Dear Brothers and Sisters of Wollaston,
How can we praise and give thanks to the Lord when things are not going well? Apostle Paul wrote this letter to the church in Philippi while he was imprisoned in Rome. Even though he knew he would be executed soon, he truly thanked and prayed with joy for them, “I thank my God in all my remembrance of you, always in every prayer of mine for you all making my prayer with joy.” (Philippians 1:3-4).
He took the persecution for the Lord as great honor. When we truly love the Lord, we can have joy and peace regardless of our circumstance. I would like to share another testimony from Pastor Merlin Carothers’ book, ‘Power in Praise.’
A Christian woman had been married to an alcoholic for many years until finally he got into trouble with the law and ended up in prison. The wife had struggled to raise their children on the meager welfare allowance they received from the state. Faithfully she had brought them to church and enjoyed the sympathy and respect of her community. … While her husband was in prison, Edna felt justified in getting a divorce. Now at last, she would be free to raise her children in a better environment.
One day a friend brought her a copy of Prison to Praise. It seemed an almost impossible task to thank God for all the years of misery she had suffered, but she read how praise had changed the lives of others, and she decided to try it. “Thank you for Al and his drinking,” she prayed. “Thank you for the years of poverty and fear and loneliness.”
Soon she heard that her former husband had been released from prison and had gone back to his old drinking habits. Still she continued to thank God for her circumstances. Slowly she became aware of some things in her own life that she had never seen before. As she continued to thank God for her ex-husband, asking God to help her love him and accept him just as he was, she began to realize that for years she’d been guilty of something far more serious than drinking.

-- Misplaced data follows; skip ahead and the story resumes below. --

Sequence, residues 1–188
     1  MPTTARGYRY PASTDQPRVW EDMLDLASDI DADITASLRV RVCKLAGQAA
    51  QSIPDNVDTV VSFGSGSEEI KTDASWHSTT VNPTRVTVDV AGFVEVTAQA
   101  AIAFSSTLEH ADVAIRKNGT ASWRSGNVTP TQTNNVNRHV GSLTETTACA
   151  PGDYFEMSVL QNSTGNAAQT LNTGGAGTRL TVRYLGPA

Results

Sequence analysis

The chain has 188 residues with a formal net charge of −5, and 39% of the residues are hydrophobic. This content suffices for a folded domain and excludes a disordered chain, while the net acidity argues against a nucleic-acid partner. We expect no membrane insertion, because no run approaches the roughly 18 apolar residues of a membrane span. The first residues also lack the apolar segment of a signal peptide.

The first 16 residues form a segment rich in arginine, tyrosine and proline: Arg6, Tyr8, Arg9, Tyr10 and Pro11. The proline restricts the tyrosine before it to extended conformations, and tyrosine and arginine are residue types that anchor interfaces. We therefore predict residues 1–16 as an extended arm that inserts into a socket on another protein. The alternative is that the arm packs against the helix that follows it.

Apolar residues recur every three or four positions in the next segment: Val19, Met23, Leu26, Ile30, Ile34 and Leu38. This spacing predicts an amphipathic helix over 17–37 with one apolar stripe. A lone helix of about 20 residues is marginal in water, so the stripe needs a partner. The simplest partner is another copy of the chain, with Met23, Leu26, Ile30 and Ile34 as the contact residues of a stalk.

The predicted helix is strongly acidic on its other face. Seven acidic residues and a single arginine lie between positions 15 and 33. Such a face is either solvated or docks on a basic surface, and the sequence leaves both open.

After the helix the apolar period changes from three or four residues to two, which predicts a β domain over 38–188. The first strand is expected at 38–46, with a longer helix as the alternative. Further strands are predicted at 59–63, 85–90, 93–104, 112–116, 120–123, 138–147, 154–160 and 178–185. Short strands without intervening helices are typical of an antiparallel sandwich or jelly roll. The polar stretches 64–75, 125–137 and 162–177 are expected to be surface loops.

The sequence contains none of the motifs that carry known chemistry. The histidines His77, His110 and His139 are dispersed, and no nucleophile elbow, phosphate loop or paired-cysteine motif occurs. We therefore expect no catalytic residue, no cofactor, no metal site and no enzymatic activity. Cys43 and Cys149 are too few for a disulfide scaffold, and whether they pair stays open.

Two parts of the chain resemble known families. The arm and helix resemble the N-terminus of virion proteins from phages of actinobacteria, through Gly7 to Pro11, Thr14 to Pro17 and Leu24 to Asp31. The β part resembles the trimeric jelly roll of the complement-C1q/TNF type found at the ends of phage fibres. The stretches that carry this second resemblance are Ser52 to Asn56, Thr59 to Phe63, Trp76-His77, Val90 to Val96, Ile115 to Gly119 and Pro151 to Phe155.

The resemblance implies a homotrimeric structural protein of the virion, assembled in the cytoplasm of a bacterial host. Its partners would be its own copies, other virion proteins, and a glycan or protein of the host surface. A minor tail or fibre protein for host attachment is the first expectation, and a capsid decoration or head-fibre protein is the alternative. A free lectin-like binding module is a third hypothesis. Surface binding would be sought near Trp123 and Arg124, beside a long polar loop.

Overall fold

She had judged him for his drinking, feeling self-righteous and worthier than he was, and at the same time she’d lived each day steeped in self-pity, depression, and joyless martyrdom. “Oh, Lord,” she finally cried out one day, “I see that my sin has been so much graver than Al’s. You gave us the commandment to love one another and to rejoice in our trials, and I didn’t love or find any joy. Forgive me, Lord, and thank You for putting Al in my life so I could see myself. Now make it up to him. Heal the hurts he’s suffered, and touch him with Your love.”
From that day on, Edna found it easy to rejoice in her circumstances. She knew God had brought them about as a part of His plan to fill her life with love and joy. As she continued to praise Him, all the old feelings of self-pity and depression rolled away; each day became a new, joyous experience, and she was aware of the presence of Jesus in a new, exciting way.
Before long her former husband stumbled into a church service, accepted Jesus as his Savior, and was completely healed of the alcoholism which had held him bound for fifteen years. Edna and Al remarried, and Al enrolled in college to start a brand-new life of serving God.
Yes. When we become humble, we can see my sins and forgive others. That is the beginning of the joy in Christ. Let’s look upon Jesus who died and resurrected to love us and gave us the way to His eternal home.
Think of you in Christ,
-Pastor David C.